Ford agreed to take the role on the condition that he would not have to cut his hair. Toad represents Lucas's nerd years as a freshman in high school, specifically his "bad luck" with dating. [23] The freshman hop dance was filmed in the Gus Gymnasium, previously known as the Boys Gym, at Tamalpais High School in Mill Valley. III (MCA 8008). In 1973 I saw a movie I will never forget. John inadvertently picks up Carol, an annoying, precocious 12-year-old who manipulates him into driving her around all night. Steve and Laurie have a series of arguments and make-ups through the evening. Shop Guys, a Mechanic and automotive repair shop in Waterford. I'm not gonna sign it, but why don't you light it on fire and stick it up your ass? Richard Dreyfuss was the only principal cast member from the original film not to appear in the sequel. [11], THX 1138 was released in March 1971,[5] and Lucas was offered opportunities to direct Lady Ice, Tommy, or Hair. Le Mat, Harrison Ford, and Bo Hopkins were claimed to be drunk most nights and every weekend, and had conducted climbing competitions to the top of the local Holiday Inn sign. [6] To co-write a 15-page film treatment, Lucas hired Willard Huyck and Gloria Katz, who also added semiautobiographical material to the story. "Sliding Downhill in the '60s". Geng, Veronica (August 20, 1979). John Milner

The Chevy Impala is a hell of a machine, one whose legacy is still felt today. You’re Missing Out. The only real cool character in the American Graffiti movie series, essentially the person who The Fonz was based on in the television series. Dan Hernandez takes a look at the real stars of Lucas' masterpiece: the ones with four wheels. [25] In addition, two camera operators were nearly killed when filming the climactic race scene on Frates Road outside Petaluma. He never got over it and he still kicks himself. [thinks it over for a moment]  'Diegetic Music, Non-Diegetic Music, and “Source Scoring”' in, "Domestic Grosses Adjusted For Inflation", "American Graffiti / More American Graffiti (Drive-In Double Feature) (1979)", "American Graffiti (Special Edition) [Blu-ray] (1973)", "What the Steamship and the Landline Can Tell Us About the Decline of the Private Car", Academy of Motion Picture Arts and Sciences, "The 31st Annual Golden Globe Awards (1974)", "1970s – DGA Award Winners for: Outstanding Directorial Achievement in Feature Film", "AFI's 100 Years...100 Movies (10th Anniversary Edition)", "The Evolution of the Summer Blockbuster", The Art of Teen Films-American Graffiti (posted by The Royal Ocean Film Society on YouTube), Star Wars: Episode I – The Phantom Menace, Star Wars: Episode III – Revenge of the Sith, Indiana Jones and the Kingdom of the Crystal Skull, Star Wars: From the Adventures of Luke Skywalker, The Kandy-Kolored Tangerine-Flake Streamline Baby, Golden Globe Award for Best Motion Picture – Musical or Comedy, The Russians Are Coming, the Russians Are Coming, Sweeney Todd: The Demon Barber of Fleet Street,, American coming-of-age comedy-drama films, Best Musical or Comedy Picture Golden Globe winners, United States National Film Registry films, Wikipedia articles with plot summary needing attention from October 2020, All Wikipedia articles with plot summary needing attention, Wikipedia articles with CANTIC identifiers, Wikipedia articles with SUDOC identifiers, Wikipedia articles with WorldCat-VIAF identifiers, Creative Commons Attribution-ShareAlike License, This page was last edited on 22 October 2020, at 09:10. Along with Easy Rider (1969), American Graffiti was one of the first films to eschew a traditional film score and successfully rely instead on synchronizing a series of popular hit songs with individual scenes. John’s Deuce Coupé epitomizes the entirety of cruising culture. "[7] On Sneak Previews, Roger Ebert said he thought it was a "much better film" than Siskel did, that he "had no trouble following it" and that "it's a film worth seeing. "Screen: 'More American Graffiti' Covers '64 to '67". Well, I'll tell you what. But on one night in 1962 the American car still represented freedom, even if it was just the freedom to drive around in circles. : "[8], Charles Champlin of the Los Angeles Times was also positive, writing that "the protagonists are affecting as before and 'More American Graffiti' is an uncommonly evocative trip back to our common past—a stirring reminder in both style and substance of what we've been through. [25] One actor set fire to Lucas' motel room. Source(s):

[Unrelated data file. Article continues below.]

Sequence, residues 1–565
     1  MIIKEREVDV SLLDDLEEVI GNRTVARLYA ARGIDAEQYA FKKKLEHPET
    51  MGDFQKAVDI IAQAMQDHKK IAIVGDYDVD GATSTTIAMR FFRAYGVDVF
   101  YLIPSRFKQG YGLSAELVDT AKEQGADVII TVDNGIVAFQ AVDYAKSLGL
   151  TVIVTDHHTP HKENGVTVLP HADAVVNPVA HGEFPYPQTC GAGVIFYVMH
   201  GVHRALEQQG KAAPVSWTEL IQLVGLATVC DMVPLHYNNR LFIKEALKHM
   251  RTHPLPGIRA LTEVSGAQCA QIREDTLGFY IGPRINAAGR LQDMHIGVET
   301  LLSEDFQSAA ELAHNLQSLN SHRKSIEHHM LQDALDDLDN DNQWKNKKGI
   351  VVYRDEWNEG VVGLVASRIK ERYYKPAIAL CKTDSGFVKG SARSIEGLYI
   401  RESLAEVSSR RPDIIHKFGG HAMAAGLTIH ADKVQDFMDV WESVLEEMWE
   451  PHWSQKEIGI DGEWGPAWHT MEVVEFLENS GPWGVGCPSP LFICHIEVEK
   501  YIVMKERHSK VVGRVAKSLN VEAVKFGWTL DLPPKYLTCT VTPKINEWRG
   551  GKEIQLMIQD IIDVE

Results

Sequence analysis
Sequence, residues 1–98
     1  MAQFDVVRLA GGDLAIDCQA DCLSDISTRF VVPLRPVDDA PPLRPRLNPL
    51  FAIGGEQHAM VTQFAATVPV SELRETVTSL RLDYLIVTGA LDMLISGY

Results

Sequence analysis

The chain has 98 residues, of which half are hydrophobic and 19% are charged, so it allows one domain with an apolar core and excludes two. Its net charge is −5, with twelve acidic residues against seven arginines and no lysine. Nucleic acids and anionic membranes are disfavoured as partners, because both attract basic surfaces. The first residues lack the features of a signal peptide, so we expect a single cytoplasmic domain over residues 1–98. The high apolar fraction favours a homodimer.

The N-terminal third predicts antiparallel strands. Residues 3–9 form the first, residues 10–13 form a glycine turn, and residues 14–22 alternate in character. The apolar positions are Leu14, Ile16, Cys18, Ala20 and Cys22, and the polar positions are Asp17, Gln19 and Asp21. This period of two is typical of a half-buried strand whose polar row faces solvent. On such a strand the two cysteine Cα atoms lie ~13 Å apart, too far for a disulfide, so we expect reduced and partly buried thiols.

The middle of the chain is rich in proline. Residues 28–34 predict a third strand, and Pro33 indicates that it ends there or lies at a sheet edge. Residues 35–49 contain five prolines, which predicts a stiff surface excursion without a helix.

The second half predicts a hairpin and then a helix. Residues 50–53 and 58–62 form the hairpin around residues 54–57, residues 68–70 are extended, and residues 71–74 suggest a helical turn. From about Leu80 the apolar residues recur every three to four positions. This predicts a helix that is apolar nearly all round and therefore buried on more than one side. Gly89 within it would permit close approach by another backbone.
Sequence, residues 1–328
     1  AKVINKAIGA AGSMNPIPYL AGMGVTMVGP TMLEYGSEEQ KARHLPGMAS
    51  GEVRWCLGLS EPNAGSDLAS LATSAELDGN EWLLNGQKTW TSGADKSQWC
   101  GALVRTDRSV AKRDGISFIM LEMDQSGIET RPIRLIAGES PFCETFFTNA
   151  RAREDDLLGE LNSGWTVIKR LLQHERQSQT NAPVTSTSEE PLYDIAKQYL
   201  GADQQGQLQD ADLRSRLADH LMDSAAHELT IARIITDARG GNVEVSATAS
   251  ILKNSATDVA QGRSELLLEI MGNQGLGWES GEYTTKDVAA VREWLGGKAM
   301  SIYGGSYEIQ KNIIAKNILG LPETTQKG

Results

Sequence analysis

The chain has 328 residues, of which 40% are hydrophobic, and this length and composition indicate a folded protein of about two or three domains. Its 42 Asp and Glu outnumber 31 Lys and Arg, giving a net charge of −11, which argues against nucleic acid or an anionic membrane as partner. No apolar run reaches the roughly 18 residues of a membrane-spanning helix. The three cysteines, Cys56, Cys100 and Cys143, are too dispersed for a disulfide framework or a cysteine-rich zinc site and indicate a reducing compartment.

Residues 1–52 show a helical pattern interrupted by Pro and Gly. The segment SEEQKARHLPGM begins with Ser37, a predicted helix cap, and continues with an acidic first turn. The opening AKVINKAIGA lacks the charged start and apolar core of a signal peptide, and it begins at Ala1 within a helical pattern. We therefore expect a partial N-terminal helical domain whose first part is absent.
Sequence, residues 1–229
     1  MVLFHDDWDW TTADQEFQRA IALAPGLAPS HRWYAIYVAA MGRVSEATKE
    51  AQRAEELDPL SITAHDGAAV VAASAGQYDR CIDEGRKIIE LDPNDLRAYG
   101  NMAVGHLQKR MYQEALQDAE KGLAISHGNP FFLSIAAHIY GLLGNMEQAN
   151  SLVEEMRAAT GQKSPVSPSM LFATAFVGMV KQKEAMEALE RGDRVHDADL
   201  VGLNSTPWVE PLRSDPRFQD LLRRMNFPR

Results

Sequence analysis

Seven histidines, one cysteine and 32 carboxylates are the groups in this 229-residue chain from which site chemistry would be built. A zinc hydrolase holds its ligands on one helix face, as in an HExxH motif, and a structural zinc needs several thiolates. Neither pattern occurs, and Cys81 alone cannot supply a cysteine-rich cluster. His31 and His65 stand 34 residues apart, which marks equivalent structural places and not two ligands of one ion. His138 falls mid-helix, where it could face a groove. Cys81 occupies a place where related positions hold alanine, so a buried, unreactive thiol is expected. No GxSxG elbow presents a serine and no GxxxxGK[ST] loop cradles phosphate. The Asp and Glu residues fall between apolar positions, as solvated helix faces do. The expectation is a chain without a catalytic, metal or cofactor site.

[35], Universal reissued Graffiti on May 26, 1978 with Dolby sound[38][39] and earned an additional $63 million (equivalent to $247 million in 2019),[34] which brought the total revenue for the two releases to $118 million (equivalent to $463 million in 2019)[34]. "[9] Gary Arnold of The Washington Post wrote "All this fussy, arbitrary switching of scenes, years and aspect ratios may wow them back in film school, but the complicated framework reveals nothing but one inconsequential or misleading vignette after another. Based on 49 reviews collected by Rotten Tomatoes, 96% of the critics enjoyed the film with an average score of 8.43/10.